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Accueil du site → Projets de développement → Projets de recherche pour le Développement → 2020 → GENOMIC TOOLS TO MONITOR AND EXPLOIT MICROBIAL DIVERSITY FOR AGRICULTURAL DISEASE AND ARIDLAND MANAGEMENT

United States Department of Agriculture (USDA) 2020

GENOMIC TOOLS TO MONITOR AND EXPLOIT MICROBIAL DIVERSITY FOR AGRICULTURAL DISEASE AND ARIDLAND MANAGEMENT

Microbial Diversity Disease Aridland

United States Department of Agriculture (USDA) National Institute of Food and Agriculture

Titre : GENOMIC TOOLS TO MONITOR AND EXPLOIT MICROBIAL DIVERSITY FOR AGRICULTURAL DISEASE AND ARIDLAND MANAGEMENT

Identification : 1020480

Pays : Etats Unis

Durée : START : 06 JAN 2020 — TERM : 30 SEP 2023

Résumé
Microbes play important roles in natural and human managed ecosystems. Objective 1 focuses on understanding how microbial communities are integral to the development and promotion of healthy soils. Their overall role in arid soils is less well understood requires study of specific fungi and bacteria which may be indicators or regulators of soil health. Tools to monitor the microbial composition is important for efficient land management practices. In arid regions biological crusts are results of cooperation between bacteria and fungi and their presence can improve soil moisture, promote nutrient exchange, and reduce dust through aggregation of soils. This project will explore the microbial community makeup of these crusts to better catalog processes that support their formation, restoration after damage, and overall impact on the health of soils. This work will take place in managed public lands to study the microbial makeup in undisturbed, health biological crusts. Measurements of plant health in fields with adjacent crusts will be compared to those without to test whether promotion of crusts within agriculture fields can benefit soil moisture and nutrient availability. Objective 2 focuses on microbes associated with the shot hole borer beetle which carries fungi that are causing disease in avocado and a multitude of trees in Southern California. The work will focus on native microbial communities of trees and how they respond to the introduction of the Fusarium fungus, identification of antagonistic bacteria or fungi that can impede growth of Fusarium, and genetic studies of the beetle-carried fungi to track spread and possibility of sexual reproduction among isolates. Objective 3 focuses on acquisition of fungicide resistance in post-harvest associated fungi. Fungicide application can reduce crop loss but leads to resistance in microbes. The acquisition of fungicide resistance among post-harvest disease fungi in particular is less well studied and requires improved monitoring and development of genomic techniques for rapid diagnostics to trace the common source and spread of resistance mechanisms. The project will help to understand if resistance is acquired locally in farms or is a result of spores dispersed across regions which can inform mitigation and prevention strategies.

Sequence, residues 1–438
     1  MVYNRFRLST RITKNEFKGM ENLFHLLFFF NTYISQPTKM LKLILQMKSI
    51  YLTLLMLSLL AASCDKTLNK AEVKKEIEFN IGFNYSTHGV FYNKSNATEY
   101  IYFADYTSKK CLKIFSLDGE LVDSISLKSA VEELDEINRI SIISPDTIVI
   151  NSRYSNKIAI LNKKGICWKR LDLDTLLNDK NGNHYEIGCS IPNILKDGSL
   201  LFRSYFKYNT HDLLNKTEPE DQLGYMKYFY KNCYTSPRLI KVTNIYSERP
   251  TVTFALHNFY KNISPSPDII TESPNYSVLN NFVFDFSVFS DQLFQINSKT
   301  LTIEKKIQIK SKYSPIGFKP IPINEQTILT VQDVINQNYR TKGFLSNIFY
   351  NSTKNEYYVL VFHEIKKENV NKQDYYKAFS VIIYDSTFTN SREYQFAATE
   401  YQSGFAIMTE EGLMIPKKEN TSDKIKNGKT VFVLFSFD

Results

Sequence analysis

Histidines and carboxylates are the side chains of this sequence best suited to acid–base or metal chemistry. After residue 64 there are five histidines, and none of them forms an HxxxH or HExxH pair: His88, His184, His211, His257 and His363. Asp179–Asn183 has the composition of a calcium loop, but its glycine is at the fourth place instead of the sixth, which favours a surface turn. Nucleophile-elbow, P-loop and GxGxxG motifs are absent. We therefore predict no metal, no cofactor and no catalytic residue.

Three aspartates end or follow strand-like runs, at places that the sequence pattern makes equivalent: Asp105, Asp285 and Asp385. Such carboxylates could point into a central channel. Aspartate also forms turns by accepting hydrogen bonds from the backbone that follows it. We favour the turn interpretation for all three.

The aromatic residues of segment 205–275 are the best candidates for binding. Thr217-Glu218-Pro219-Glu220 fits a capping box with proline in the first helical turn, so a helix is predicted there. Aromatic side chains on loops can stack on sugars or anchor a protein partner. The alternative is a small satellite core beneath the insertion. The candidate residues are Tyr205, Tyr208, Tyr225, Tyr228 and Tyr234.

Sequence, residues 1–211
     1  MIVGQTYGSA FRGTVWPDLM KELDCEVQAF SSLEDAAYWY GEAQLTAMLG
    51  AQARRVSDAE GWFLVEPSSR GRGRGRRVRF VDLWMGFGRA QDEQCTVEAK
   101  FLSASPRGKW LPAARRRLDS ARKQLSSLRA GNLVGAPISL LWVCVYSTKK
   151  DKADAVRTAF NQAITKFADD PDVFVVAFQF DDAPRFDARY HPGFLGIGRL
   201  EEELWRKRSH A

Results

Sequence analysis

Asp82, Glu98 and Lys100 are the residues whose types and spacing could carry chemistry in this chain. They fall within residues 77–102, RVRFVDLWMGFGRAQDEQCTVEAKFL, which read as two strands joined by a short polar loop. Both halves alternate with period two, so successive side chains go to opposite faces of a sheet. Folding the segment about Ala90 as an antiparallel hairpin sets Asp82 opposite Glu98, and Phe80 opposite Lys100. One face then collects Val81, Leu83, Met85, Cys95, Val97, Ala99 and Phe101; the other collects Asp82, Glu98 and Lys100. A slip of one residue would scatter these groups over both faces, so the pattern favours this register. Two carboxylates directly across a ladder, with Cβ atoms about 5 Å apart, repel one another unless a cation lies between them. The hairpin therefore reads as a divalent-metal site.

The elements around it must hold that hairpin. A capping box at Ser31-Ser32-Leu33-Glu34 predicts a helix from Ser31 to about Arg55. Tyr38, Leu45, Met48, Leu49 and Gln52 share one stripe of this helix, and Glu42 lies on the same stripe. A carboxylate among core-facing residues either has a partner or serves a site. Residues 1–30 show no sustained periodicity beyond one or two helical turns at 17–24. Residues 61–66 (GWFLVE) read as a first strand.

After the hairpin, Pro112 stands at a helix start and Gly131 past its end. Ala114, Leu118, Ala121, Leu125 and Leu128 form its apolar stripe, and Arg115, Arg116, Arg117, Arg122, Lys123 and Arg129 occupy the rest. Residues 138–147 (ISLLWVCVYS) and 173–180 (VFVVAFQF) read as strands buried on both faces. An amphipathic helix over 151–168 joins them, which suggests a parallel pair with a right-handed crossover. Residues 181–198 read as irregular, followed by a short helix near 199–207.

Performing Institution : UNIVERSITY OF CALIFORNIA, RIVERSIDE
Investigator : Stajich, J.

Présentation : USDA (NIFA)

Page publiée le 25 novembre 2021